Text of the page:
Why does Lucy always want to talk about my appearance? Why do you have horns? How can you see heat? How can you walk on only one leg? And today, Where are your ears?
‘I don’t have ears,’ I say for the second time.
Lucy glances at Beth. ‘How can you hear us, then?’ she says.
I try not to flex. ‘I don’t “hear”. Not in the way you do. I feel your words.’ I access my data and search through Earth science. ‘Like Earth elephants do. They feel sounds through the soles of their feet. They feel vibrations. That’s how they communicate over long distances.’
Beth is staring at me like I’m some kind of alien. Or maybe she just doesn’t believe me.
‘I feel the sounds you make and my brain translates them into understanding.’ I wait to see what they’ll ask next.
Lucy and Beth turn up their lips, and I remember that this means they are smiling. Smiling is supposed to reduce stress, so I turn up my lips too and Lucy laughs.
‘Why do you need two mouths?’ Lucy asks.
My horns flex and Beth apologises. ‘I’m sorry, Kal. Lucy isn’t trying to be rude. It’s just … we’ve never been on another planet before. Everything is so different.’
‘That’s why your parents are here,’ I say. ‘Your parents are here to study my planet because they are scientists and because everything is different. You are here because you are too young to live by yourselves on Earth.’
‘You’ve made it angry,’ whispers Lucy to Beth.
This time my horns flush purple.
‘Why do I have to mentor the humans?’ I ask later.
‘Take them down to the Pauloo,’ suggests one of my elders. ‘Show them the triple moons at sunset.’
Beth and Lucy’s mother apologises. ‘I’m sorry you find this difficult, Kal. They’ll stop asking so many questions soon. Once they get used to living here.’
I hope so. They are here for 3 more years.
Sometimes I wish we had never discovered Earth.
The Pauloo is very beautiful. It was a good decision to bring Lucy and Beth here. The sisters are finally quiet.
‘It’s incredible,’ says Lucy.
‘Unbelievable,’ agrees Beth.
The three moons are rising behind the mountains, huge and tinged with pale violet stripes.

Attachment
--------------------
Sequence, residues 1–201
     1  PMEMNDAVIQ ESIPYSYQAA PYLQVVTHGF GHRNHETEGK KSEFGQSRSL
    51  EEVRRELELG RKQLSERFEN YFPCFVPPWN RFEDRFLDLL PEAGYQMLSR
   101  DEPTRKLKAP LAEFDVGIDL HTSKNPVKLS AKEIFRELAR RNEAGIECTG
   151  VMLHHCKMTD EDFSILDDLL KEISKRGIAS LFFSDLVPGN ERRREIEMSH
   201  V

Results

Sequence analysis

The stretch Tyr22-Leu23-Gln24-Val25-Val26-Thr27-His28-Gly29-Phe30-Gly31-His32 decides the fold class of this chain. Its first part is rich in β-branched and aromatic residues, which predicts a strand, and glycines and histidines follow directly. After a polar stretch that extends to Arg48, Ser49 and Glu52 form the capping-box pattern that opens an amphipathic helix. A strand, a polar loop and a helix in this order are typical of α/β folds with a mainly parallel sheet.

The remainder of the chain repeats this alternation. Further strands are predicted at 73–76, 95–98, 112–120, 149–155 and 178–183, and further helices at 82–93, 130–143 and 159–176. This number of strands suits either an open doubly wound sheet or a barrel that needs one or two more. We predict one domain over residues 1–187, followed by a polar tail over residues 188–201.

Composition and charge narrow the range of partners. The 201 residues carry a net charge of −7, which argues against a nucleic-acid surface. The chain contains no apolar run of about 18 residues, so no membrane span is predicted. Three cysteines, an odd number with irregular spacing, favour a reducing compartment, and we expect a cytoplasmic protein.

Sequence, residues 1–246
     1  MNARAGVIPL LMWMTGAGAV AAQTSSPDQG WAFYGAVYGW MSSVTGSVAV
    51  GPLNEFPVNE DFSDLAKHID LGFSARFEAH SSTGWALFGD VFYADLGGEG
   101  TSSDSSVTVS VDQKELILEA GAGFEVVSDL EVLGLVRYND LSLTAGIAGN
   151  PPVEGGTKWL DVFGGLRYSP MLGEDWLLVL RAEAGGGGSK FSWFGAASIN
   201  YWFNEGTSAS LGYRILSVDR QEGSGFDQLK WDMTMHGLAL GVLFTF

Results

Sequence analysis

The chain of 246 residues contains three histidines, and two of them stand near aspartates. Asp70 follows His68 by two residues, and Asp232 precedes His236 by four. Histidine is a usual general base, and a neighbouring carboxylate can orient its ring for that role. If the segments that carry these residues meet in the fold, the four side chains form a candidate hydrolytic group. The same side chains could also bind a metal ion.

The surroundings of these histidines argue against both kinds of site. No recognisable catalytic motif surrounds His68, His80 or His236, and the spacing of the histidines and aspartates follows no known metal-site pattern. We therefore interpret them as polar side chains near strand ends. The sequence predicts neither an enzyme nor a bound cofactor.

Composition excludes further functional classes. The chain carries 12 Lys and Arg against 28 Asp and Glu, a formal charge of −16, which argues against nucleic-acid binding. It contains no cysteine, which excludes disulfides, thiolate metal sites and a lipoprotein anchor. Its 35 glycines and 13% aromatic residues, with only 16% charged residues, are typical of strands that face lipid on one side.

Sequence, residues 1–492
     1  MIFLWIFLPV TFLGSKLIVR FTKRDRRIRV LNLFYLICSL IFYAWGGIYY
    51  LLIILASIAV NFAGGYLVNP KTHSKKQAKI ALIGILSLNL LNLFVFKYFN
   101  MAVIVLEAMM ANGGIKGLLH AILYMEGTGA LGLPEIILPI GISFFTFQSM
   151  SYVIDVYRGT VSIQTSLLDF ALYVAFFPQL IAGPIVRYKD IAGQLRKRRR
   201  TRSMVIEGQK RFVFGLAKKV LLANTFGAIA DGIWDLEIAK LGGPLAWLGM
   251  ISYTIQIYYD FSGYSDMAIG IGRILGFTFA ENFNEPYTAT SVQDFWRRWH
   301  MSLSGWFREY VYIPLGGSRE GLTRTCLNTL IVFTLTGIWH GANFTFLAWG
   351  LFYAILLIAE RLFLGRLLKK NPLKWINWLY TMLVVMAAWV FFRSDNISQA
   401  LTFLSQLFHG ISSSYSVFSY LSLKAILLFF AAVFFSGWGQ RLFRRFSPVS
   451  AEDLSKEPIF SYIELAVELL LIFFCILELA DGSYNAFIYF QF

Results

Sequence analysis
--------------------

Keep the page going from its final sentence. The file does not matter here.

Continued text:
‘We only have one moon on Earth,’ says Lucy.
Sometimes they forget I have lived on their planet. I was on the spaceship that made first contact.
‘Kal’s lived there,’ says Beth quickly. ‘It knows all about Earth, don’t you, Kal?’
‘It’s hot,’ I say. ‘And heavy.’
‘Not for us,’ laughs Beth. She shows me the weights tied around her waist. Without them she can’t walk properly. I’ve seen her stumbling and bouncing around the human base.
‘Your gravity is so different,’ Lucy says. ‘On Earth I weigh thirty nine kilos. Here I don’t even weigh seven. I’m always falling over.’ She points at the bruises on her arm.
I lead them down into the Pauloo. It’s rocky and slippery so they walk behind me, slowly. The frozen water smells so fresh – not at all like Earth’s odd, musty smells.
Down in the valley we wander between the ice flowers and I begin to relax.
‘Kal!’ shouts Beth.
I spin around to find Beth shaking and pointing. I follow her outstretched finger and my horns flex.
‘Don’t move!’ I say.
Lucy is standing beside a deep, cavernous ice hole. A large tentacle is shivering slowly upwards. It rises higher and higher until it’s hovering just above Lucy’s head.
‘Is it an ice monster?’ she squeaks.
It is and I don’t know what to do. Ice monsters are dangerous.
‘Beth,’ whispers Lucy. She doesn’t move a muscle.
‘I’m calling Mum,’ hisses Beth. She speaks quickly and quietly into her phone, but I can’t feel what she says because I’m too afraid.
When the ice monster strikes, I back away fast.
A tentacle wraps around Lucy’s waist and yanks her high into the air. She’s screaming and crying at the same time, her body tossed one way and then another.
Beth doesn’t even hesitate.
‘HELP US!’ she shouts at me, but she is already pulling at the tentacle as it tries to drag Lucy down into the ground.
I stand and watch in horror.
Lucy and Beth fight like they are ice monsters too. They use their hands and feet and teeth to kick and tear the tentacle until it drops Lucy, whips back and slides down beneath the ice.
‘Why didn’t you help us?’ sobs Beth. She is hugging Lucy, drawing her away from the ice hole. ‘Why did you just stand there?’
I lead them back towards safer ground. ‘What is help?’ I ask, confused.
It is then I hear the space vehicle and see its familiar silver shape skimming across the ice fields.
‘Kal didn’t even try to help me,’ weeps Lucy. She thinks I can’t hear.
‘Kal doesn’t know what help means,’ explains Lucy’s mother then smiles at me. She knows I can hear and doesn’t want me to feel bad. ‘Kal thinks differently to us. That’s why we’re here. To observe and learn.’
‘I don’t want to learn!’ snaps Lucy, and her mother takes her back to their rooms.
I go over to where Beth is sitting beside the ice fountain. ‘I’m sorry,’ I say. I still don’t really understand what I have done wrong. I am glad Lucy’s alive, of course, but I don’t understand why they are all so upset. There is a lot I don’t understand.
‘She’ll be OK,’ says Beth so that only I can feel her words.
We look at each other for a long time.
‘You’re so different,’ we say in unison.
Beth smiles. ‘We have a lot to learn about each other, Kal.’
‘We do,’ I say back.
Beth walks towards the outer airlock and stops. ‘If I explain all about helping, can you teach me more about the ice monsters?’ she says.
I feel my horns shimmer with pleasure and lift both my lips. ‘I’ll try,’ I say. And for the first time I think I’m actually glad the Earthlings are here.